Triplets. I love them! Back in the days when I played in several bands as a drummer I sometimes just switched for fun to triplets. Making my band go mad. Cause you can get really disorientated by these kind of rhythms.
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The steps: from piano to orchestrated version
- 00:00 – Introduction (new intro sound)
- 01:33 – First listening (start on the piano and orchestrated version)
- 02:44 – The melody (the simple piano line I started with)
- 04:09 – Triplets (playing three notes in the time of two)
- 06:32 – The harmony (building up chords for support)
- 07:46 – Orchestration (the symphonic version I ended up with)
Great memories about triplets
I remember the good old times when I walked on the street. My foot steps were the quarter notes. Then I started clapping. First same quarter notes. Then eights. Speeding up to sixteenths. Switching to triplets. Then only the accents on the triplets: 1, 3, 2, 1, 3, 2, etc.. I loved doing that.
The same as patters like right, left, right, right, left, right, left, left. Also called the paradiddle. And then really going fast. With changing accents constantly.
Now I won’t go that crazy in this orchestral sketch. But I had my thoughts on triplets.
First listening to get an idea
Alright. Let’s do a first listening as usual. First the piano melody line I started with and then the orchestrated version.
To be honest, I’m quite satisfied with this end result. Definitely because I struggled with the melody line and the triplets. Not even talking about the orchestration itself.
I know these orchestral sketches are about learning, experimenting and just doing without judgement. But he, I’m also human so I do like an end result that sounds decent enough.
The melody line
What can I say about this first step. Well, it took me some time on the piano to write this. Meaning, I didn’t play this melody in one time. I needed some fiddling around. For example, I did not play the sixteenth notes the first time. That kinda evolved on the way.
I wrote these four bars in one of my favourite scales: G Minor. So I work with a B flat and E flat. Starting on the G and ending on the G. I did that on purpose. See it as hammering in the tonic of the scale.
A very important aspect of composing, cause you make your audience familiar with the sound of the scale you’re working in. Not that they care about the scale, but to get them connected with your music they need some orientation points. And hammering in the tonic is one of the things that helps.
I guess that’s all I wanted to say about this first step. Let’s do another quick listening and continue with the triplets.
Triplets – playing three notes in the time of two
For this sketch I wrote triplets for each quarter note. In counterpoint three to one. But I also made some exceptions. And I needed to adjust the original melody line to fit well with the triplets.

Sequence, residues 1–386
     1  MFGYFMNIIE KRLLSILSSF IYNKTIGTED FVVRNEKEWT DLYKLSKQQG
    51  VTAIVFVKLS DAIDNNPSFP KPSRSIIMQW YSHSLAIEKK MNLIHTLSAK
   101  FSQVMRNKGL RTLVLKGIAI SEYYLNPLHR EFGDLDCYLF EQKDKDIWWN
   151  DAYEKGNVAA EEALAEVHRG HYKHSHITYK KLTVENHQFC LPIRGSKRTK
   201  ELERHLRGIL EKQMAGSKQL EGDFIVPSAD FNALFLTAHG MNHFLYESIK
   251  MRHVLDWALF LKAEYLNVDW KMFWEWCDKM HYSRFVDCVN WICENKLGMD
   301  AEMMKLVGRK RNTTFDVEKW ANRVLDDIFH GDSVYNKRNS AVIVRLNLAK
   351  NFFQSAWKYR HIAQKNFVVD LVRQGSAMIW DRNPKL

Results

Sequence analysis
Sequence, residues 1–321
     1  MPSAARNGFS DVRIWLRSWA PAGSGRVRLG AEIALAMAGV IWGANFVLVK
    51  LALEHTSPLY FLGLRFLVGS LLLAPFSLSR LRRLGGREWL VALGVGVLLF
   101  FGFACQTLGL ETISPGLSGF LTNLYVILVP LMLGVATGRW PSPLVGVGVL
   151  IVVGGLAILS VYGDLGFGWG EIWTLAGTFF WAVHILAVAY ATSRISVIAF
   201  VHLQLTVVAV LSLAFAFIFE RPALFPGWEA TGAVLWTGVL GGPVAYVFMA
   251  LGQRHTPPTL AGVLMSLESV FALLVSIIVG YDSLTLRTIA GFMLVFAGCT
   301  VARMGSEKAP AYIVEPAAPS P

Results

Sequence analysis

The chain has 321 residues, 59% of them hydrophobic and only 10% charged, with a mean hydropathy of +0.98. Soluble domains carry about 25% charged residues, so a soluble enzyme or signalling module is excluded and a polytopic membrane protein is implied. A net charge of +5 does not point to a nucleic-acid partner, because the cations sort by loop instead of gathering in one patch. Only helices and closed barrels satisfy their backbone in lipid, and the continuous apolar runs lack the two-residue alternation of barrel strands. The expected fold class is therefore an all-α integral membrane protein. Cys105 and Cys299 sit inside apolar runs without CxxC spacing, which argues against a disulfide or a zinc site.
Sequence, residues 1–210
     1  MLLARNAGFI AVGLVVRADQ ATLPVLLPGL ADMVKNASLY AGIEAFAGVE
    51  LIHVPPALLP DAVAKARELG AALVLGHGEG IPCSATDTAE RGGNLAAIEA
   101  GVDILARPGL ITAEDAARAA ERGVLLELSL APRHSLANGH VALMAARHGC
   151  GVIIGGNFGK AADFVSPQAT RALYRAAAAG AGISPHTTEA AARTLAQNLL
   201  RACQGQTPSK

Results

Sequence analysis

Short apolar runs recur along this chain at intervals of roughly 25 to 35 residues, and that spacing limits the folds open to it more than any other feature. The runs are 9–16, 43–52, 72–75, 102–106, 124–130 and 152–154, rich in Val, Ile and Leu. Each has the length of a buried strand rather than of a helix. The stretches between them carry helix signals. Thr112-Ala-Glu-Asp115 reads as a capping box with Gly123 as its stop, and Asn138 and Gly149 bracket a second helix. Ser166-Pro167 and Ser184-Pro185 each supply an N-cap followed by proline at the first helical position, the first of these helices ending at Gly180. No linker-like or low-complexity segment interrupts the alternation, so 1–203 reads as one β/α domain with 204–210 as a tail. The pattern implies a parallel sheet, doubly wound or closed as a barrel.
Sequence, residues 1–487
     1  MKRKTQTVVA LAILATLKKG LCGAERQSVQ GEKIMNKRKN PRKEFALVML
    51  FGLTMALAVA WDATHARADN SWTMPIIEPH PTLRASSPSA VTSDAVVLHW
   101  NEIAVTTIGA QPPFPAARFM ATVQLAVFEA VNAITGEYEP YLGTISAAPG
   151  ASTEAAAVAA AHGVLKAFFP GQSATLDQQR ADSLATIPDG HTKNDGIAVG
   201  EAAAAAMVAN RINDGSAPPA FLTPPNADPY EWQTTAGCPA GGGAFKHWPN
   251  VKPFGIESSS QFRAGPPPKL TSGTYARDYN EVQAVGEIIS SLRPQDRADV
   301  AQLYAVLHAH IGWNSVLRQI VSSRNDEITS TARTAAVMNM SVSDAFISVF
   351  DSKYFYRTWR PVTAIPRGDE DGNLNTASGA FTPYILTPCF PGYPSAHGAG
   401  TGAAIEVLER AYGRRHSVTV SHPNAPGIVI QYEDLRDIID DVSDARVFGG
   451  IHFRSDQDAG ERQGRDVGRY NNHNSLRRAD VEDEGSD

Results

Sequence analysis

Let’s have a closer look.
The first half note is backened by 2 triplets. The half note is a G and the triplet is actually a G minor chord: G, D and B flat.
The first quarter note – which is an A – is also backened by a triplet. With an interval of six falling step wise down to a next triplet with an interval of three. At this point I needed to adjust the melody line to fit well to the triplets. So I rewrote the original eights to a triplet with a rest at the beginning.
I continued with a triplet in the second bar. I also adjusted the original melody at this point. Doing triplets in intervals of three.
I kept the sixteenth notes. I doubled them in intervals of three. Working towards the next triplets which I also wrote in intervals of three and six.
Now if you haven’t watched the orchestral sketches before this one, you might wonder why I use intervals of 3 and 6 so much. Well, simply said these intervals have a rich harmonic sound. Imperfect consonances. So I’m keen on using these ones in my writing.
In this step I wrote the harmony. The supporting sound in the background. And I kept it really simple.
The melody and the triplets are very busy. So adding more like this would be too overwhelming I guess. It would take too much attention of the melody and the triplets. And I don’t want that, cause they are the main part of this sketch.
So simple and clean. I go from a G Minor chord, to a F chord, to a C minor chord and end with a G minor chord. That’s the chord progression.
I minimised the notes in the area of the melody and triplets. The thought behind this is to make them stand out a bit more.
The orchestrated version
G minor feels sad. And the oboe has that magnificent timbre and sound that totally fits that feeling. So I gave the melody to the oboe.
The triplets are for the clarinet. This instrument is lovely and very suitable for melodic lines, different articulations and doing supporting parts. So ended up with a mixture of legatos, long and staccato notes with accents. I love it.
The strings, flute and bass trombone do the harmony. In piano to make sure they are not too much present.
The strings end with a tremolo effect. The effect I talked about in the orchestral sketch no. 6. This gives just a little bit more excitement to the end.
Definitely when combined with the triangle. A small lovely detail in my humble opinion. It’s also doing a fast ringing at the end.
Last but not least, the timpani. Two soft strikes. Was this necessary. No. But, I like the timpani. So I gave it role in this sketch.